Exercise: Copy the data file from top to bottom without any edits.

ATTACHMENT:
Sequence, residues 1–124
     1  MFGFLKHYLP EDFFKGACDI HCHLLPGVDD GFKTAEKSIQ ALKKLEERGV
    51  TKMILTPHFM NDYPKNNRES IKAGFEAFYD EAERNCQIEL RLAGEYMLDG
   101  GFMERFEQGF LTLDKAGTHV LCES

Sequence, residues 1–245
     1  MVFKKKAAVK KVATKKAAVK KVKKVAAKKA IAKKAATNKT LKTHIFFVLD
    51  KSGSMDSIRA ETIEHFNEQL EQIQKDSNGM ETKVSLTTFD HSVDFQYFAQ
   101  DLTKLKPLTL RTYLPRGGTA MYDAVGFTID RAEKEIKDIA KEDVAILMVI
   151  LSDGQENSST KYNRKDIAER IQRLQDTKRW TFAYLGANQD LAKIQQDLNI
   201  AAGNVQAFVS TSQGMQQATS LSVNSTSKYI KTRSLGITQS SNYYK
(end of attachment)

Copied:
Sequence, residues 1–124
     1  MFGFLKHYLP EDFFKGACDI HCHLLPGVDD GFKTAEKSIQ ALKKLEERGV
    51  TKMILTPHFM NDYPKNNRES IKAGFEAFYD EAERNCQIEL RLAGEYMLDG
   101  GFMERFEQGF LTLDKAGTHV LCES

Sequence, residues 1–245
     1  MVFKKKAAVK KVATKKAAVK KVKKVAAKKA IAKKAATNKT LKTHIFFVLD
    51  KSGSMDSIRA ETIEHFNEQL EQIQKDSNGM ETKVSLTTFD HSVDFQYFAQ
   101  DLTKLKPLTL RTYLPRGGTA MYDAVGFTID RAEKEIKDIA KEDVAILMVI
   151  LSDGQENSST KYNRKDIAER IQRLQDTKRW TFAYLGANQD LAKIQQDLNI
   201  AAGNVQAFVS TSQGMQQATS LSVNSTSKYI KTRSLGITQS SNYYK